Automation done right — a reliable process

(the subtitle could be: Why I don’t call simple curl scripts „automation“).

Jakub Wadalowski mentioned in his talk on CircuitConf 2016, that „Jörg doesn’t like curl“. Which is not totally true. I love curl as a command line http client (to avoid netcat).

But I don’t like the way how people are using curl in scripts and then call these scripts „automation“; I already blogged about this topic.

Good AEM automation requires much more than just package installation. True automation has to work in a way, that you don’t need to perform any manual intervention, supervision or control. The automation has to work in a reliable and repeatable fashion.
But we also know, that there will ever be errors and problems, which prevent a successful result. So a package installation can work, but the bundles might come not up. In such cases the system has to actively report problems back. But this has to be accurate in a way, that you can rely on it: If no messaging occurs, everything is fine! There are no manual checks anymore!
This really requires a process you can trust. You need to trust your automated process so much, that you can start it and then go home.

So to come back to the „Jörg doesn’t like curl“ statement of Jakub: When you just have the curl calls and no error checking (I am not aware of an easy way to determine the status code of the HTTP request done with curl) and no proper error handling and reporting, it will never be reliable. It might save you a few clicks, but in the end you still have to perform a lot of manual steps. And to get away from these manual steps just with shell scripting, it requires a good amount of scripting.

And to be honest: I’ve rarely seen „good shell scripts“.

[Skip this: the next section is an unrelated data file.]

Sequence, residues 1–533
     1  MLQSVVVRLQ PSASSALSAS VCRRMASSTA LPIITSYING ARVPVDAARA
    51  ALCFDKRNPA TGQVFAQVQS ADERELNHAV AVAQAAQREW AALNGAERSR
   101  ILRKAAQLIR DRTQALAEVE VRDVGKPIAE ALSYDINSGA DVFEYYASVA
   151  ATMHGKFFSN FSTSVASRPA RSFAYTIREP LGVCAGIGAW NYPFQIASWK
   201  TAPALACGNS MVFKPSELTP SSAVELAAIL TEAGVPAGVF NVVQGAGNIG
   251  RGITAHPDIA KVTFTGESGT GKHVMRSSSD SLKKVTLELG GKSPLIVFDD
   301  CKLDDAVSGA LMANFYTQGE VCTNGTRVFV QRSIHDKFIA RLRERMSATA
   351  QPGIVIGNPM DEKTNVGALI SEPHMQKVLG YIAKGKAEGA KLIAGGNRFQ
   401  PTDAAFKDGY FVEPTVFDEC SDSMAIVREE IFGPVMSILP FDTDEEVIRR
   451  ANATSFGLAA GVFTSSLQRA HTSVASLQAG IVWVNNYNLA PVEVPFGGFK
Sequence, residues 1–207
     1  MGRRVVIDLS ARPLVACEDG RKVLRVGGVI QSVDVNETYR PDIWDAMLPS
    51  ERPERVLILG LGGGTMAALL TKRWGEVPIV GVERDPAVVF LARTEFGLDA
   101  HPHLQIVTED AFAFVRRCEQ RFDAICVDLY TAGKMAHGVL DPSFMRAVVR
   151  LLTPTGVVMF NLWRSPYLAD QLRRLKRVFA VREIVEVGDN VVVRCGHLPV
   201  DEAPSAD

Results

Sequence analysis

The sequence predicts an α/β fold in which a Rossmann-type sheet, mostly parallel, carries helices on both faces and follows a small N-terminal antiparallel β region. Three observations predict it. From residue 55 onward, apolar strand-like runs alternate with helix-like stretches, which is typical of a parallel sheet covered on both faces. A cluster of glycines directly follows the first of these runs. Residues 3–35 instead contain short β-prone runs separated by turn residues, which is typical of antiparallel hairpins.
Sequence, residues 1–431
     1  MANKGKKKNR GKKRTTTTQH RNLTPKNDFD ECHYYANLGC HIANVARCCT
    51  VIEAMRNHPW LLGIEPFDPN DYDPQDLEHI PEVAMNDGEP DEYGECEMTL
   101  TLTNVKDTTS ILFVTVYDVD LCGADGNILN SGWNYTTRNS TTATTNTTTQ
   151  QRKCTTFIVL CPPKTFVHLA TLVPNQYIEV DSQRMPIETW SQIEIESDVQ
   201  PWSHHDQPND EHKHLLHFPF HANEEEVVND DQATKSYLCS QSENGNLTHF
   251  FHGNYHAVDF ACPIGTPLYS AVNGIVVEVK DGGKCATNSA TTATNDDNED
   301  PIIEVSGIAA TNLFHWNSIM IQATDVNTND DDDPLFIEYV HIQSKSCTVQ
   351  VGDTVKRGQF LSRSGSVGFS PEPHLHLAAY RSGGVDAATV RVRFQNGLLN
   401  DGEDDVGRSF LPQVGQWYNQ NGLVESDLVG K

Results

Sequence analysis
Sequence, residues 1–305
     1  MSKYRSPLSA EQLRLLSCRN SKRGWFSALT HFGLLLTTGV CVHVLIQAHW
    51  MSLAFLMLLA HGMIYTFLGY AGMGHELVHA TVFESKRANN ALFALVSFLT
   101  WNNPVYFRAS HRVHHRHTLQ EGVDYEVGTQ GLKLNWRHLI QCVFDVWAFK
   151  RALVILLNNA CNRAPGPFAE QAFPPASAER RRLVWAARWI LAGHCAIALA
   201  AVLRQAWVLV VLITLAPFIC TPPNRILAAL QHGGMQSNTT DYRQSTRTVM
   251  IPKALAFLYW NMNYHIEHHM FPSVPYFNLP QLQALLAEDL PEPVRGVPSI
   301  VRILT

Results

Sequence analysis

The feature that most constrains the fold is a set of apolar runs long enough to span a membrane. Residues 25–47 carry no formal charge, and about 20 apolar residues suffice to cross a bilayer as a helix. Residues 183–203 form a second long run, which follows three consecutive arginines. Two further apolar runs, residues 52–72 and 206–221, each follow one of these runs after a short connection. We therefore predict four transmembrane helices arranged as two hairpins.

One thought on “Automation done right — a reliable process

  1. I’ve never thought I’d end up being a blog post hero, but apparently it just happened 🙂

    Neither curl by itself nor shell scripts that wrap it allow you to handle complex HTTP flows that include multiple requests and status/response body validation. It’s of course possible, but quickly becomes cumbersome. Everyone that has ever tried to write something more advanced in pure bash exactly knows what I mean. I fully agree with Jorg’s opinion about curl.

    That was one of the reasons I use just Ruby in my Chef cookbook: cq_package resource is a great example that eliminates all the flaws simple curl execution has. It even goes beyond simple validation of Package Manager HTTP responses and makes sure the entire post processing, that may get triggered sometimes (due to new OSGi bundles or configs), is over before next item gets processed.

    All in all, curl is great, but people need to be aware of its limitations. 10-line bash script that assumes happy path scenario may not be the best option for AEM deployment. And a bunch of sleep executions won’t make it any better.

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